The whereas section of a document provides the reasons for its existence. So here are the facts that compelled the birth of Vermont Woods Studios Fine Furniture Store. It’s all about helping to: save the Rainforest and fight global warming. And we need to act quickly.
- 54 of the world’s 193 countries have lost 90 percent or more of their forest cover. Rainforests that once covered 14% of the earth’s land surface now cover a mere 6% and experts estimate that the last remaining rainforests could be consumed in less than 40 years.
- 1.5 acres of rainforest are lost every second (that equates to 50 million acres a year: an area the size of England, Wales and Scotland combined)
- Nearly half of the world’s species of plants, animals and microorganisms will be destroyed or severely threatened over the next 25 years due to rainforest deforestation.
- We are losing approximately 137 plant, animal and insect species every single day due to rainforest deforestation. That equates to 50,000 species a year.
- As the rainforest species disappear, so do many possible cures for life-threatening diseases. Currently, 121 prescription drugs sold worldwide come from plant-derived sources. While 25% of Western pharmaceuticals are derived from rainforest ingredients, less that 1% of these tropical trees and plants have been tested by scientists.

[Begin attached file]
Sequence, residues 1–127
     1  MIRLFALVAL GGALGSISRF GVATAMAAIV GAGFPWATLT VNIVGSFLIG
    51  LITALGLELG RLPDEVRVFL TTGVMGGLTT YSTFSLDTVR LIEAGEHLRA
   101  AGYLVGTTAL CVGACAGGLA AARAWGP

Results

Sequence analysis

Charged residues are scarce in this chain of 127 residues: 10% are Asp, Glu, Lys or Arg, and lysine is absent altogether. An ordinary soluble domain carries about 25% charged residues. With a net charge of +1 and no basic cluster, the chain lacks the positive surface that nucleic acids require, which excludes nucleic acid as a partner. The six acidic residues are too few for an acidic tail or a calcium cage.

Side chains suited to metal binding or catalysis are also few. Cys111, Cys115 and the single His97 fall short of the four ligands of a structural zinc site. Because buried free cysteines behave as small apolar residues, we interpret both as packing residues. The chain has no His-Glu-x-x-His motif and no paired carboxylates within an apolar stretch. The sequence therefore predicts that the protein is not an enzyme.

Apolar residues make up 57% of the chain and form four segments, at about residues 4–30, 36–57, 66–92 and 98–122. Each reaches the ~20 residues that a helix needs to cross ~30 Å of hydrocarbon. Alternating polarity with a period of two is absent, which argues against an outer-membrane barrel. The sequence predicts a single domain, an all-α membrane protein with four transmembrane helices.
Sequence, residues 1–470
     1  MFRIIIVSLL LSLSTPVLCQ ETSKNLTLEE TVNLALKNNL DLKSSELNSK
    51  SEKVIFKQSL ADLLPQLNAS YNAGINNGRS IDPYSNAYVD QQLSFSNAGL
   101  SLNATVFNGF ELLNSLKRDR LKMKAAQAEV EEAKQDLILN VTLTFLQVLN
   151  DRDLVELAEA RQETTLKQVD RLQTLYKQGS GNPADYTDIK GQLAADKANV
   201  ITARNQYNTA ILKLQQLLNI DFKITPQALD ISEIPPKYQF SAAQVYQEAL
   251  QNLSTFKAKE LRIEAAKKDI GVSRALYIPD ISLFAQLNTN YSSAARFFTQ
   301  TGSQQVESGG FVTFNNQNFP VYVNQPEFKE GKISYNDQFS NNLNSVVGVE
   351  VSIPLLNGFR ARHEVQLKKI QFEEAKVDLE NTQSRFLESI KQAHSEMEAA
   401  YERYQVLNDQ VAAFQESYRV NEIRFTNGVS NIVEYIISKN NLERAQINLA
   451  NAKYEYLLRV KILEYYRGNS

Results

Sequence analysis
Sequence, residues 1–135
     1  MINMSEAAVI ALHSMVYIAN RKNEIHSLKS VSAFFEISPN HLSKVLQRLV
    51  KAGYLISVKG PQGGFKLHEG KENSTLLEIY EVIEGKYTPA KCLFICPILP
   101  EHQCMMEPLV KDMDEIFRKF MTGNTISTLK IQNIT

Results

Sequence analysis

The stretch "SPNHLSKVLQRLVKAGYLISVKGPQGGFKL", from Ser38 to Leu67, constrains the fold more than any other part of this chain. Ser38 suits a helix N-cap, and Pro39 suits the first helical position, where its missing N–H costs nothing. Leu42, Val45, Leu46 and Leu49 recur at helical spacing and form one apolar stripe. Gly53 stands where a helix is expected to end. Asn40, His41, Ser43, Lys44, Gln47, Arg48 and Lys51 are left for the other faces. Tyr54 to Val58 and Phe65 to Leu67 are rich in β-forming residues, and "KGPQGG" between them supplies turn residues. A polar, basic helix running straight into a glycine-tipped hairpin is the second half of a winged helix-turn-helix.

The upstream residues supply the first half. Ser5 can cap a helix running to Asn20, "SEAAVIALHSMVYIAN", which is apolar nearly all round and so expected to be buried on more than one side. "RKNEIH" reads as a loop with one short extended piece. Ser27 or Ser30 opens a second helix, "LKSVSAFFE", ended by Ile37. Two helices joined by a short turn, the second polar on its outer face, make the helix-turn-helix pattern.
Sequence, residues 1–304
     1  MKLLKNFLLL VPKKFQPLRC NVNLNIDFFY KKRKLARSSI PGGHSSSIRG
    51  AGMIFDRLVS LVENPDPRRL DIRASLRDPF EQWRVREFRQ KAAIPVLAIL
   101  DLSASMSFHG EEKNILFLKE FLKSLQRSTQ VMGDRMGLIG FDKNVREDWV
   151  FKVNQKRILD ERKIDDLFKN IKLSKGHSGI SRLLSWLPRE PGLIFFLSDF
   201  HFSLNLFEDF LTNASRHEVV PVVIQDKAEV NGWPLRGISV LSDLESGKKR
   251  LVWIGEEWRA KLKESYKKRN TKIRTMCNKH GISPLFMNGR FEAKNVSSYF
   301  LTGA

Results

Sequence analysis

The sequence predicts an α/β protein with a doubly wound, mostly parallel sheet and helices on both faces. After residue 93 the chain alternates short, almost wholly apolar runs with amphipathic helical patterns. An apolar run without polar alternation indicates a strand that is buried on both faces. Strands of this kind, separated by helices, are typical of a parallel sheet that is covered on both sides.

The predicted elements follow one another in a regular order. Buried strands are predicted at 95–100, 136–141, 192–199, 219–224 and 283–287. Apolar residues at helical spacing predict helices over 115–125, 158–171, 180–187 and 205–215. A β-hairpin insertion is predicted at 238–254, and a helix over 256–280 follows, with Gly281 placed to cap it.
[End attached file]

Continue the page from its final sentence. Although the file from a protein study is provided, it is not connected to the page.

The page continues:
- Most rainforests are cleared by chainsaws, bulldozers and fires for its timber value and then are followed by farming and ranching operations
- There were an estimated ten million Indians living in the Amazonian Rainforest five centuries ago. Today there are less than 200,000.
- In Brazil alone, European colonists have destroyed more than 90 indigenous tribes since the 1900′s. With them have gone centuries of accumulated knowledge of the medicinal value of rainforest species. As their homelands continue to be destroyed by deforestation, rainforest peoples are also disappearing.